- Canadian oil blends have gained considerably despite Exxon Mobil cutting down supply output.
- Canadian government long-term bond yields are trading close to two-year highs.
- Canada is set to procure more than 40 million doses of the COVID-19 vaccine from the EU before the end of March 2021.
The EUR/CAD currency pair has declined 2.65% since December 21, 2020. It traded at a high of 1.5735 and fell to 1.5318 on February 26, 2021, after rising Canadian government bond yields pushed investors to buy more Canadian dollars as compared to the euro. Oil prices have also been on a rally, with the major oil blends crossing the $60 threshold. The Western Canadian Select sold at $51.67 per barrel, gaining close to 3%.
The Peace Sour was the highest gainer on February 26, 2021, at +2.76%, with all the blends increasing concurrently. Global economic recovery now means that the oil stocks are declining quickly, with banks and traders upbeat that Brent’s price could reach $100 a barrel. Oil giant Exxon Mobil has cut its oil reserves by 7.24 billion barrels a year in Canada, drilling 15.2 billion barrels as of December 31, 2020, as opposed to 22.44 billion barrels in 2019. The company is hopeful that oil prices will increase to make drilling profitable again. Tight supply issues may cause prices to increase, especially among the Canadian blends.
Long-term bond yields for the Canadian government traded at 1.88 on February 24, 2021 (an 8.67% rise from a week before – near two-year highs). Marketable bonds over ten years rose 9.94% to trade at 1.77 on February 24, 201, from a low of 1.61 on February 18, 2021.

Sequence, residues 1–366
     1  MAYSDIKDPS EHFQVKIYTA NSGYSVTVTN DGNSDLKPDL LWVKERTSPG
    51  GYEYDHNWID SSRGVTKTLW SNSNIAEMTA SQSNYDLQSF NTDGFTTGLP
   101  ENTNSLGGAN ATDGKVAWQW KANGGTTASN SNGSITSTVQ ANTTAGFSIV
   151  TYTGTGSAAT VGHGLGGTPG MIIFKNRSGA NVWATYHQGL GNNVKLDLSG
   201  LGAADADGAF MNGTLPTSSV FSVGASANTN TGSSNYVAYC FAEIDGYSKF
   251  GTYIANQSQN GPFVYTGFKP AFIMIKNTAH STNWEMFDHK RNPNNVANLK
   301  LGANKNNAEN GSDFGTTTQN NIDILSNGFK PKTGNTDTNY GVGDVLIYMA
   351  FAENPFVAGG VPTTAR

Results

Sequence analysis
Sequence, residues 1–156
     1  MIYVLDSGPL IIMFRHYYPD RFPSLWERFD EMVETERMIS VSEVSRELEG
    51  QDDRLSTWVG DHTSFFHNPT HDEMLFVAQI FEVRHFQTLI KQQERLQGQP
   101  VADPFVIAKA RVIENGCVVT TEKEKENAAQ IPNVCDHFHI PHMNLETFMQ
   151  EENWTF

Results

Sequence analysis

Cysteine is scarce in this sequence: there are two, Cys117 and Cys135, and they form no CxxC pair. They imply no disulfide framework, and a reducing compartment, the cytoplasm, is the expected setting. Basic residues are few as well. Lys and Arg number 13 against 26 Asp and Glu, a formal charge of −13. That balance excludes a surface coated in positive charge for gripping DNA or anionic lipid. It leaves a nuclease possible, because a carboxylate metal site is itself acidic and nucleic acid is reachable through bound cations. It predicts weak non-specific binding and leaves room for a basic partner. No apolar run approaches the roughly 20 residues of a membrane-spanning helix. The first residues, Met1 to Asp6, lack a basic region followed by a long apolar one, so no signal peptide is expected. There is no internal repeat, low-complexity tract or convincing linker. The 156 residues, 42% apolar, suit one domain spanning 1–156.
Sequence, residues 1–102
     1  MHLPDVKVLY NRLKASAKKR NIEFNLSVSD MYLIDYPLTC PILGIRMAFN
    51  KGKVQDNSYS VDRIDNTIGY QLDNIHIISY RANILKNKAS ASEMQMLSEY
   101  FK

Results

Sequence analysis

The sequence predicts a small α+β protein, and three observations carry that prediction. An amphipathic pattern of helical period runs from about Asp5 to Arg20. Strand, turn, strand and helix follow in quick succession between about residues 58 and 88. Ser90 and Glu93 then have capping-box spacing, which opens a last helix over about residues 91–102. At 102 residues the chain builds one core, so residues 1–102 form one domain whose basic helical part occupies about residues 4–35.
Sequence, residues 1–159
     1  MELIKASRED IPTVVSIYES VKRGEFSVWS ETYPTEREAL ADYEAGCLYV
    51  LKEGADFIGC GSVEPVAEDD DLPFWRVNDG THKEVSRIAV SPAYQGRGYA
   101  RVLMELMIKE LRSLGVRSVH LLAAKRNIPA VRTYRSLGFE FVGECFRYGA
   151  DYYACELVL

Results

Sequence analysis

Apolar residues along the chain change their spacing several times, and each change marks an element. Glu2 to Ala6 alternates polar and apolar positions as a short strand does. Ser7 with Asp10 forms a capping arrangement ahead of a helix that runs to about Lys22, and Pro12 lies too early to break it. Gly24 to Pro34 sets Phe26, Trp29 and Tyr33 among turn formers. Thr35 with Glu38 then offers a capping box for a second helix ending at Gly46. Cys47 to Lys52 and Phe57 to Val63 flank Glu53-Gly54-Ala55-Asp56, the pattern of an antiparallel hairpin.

Germany’s 10-year yield dropped 0.257% on February 26, 2021, with other major European powerhouses facing a sharp decline in their 10-year bond yields. However, the 30-year bond yield rose 0.25% except for the UK, at an increase of 0.812%. This increase was due to the successful implementation of post-Brexit agreements.
The rise in US treasury yields has forced an increase in borrowing costs across many countries that transact with the dollar. The European Central Bank (ECB) has, in turn, indicated that it will ward off any significant increase in real or inflation-adjusted interest rates. This prevention will help to ensure the European bloc continues to recover with controlled inflation. Analysts expect the economy of the euro-area to reach its pre-crisis level by mid-2022. We expect to have positive projections of the euro as the real yield strengthens with a tight inflation target.
However, extended lockdowns in the first quarter of 2021 will take a toll on economic growth. Countries like Denmark, Portugal, and the Netherlands have resorted to tough restrictions owing to the novel coronavirus variant. Canada is set to order more than 40 million COVID-19 doses from the EU by the end of March 2021. The export policy from the EU is to be implemented in the supply of COVID-19 vaccine produced in EU member states. This policy may heighten delay measures that may hurt Canada’s quick reception of the inoculant.
As of 2018, Canada was the second-biggest trading partner to the EU after the US. The trade value between these two countries was €72.3 billion, with its main products including machinery, chemicals/ pharmaceuticals, and transport equipment.
The EUR/CAD trading pair is headed towards the 1.50708 support level as the Canadian dollar strengthens against the euro. However, the currencies may break the retracement levels as Europe overcomes the set economic restrictions. The 14-day RSI points to a strong buy at 59.189, while the 20-day SMA gives support at 1.5330. Strong commodity prices may uplift the Canadian dollar as we head into Q2 2021.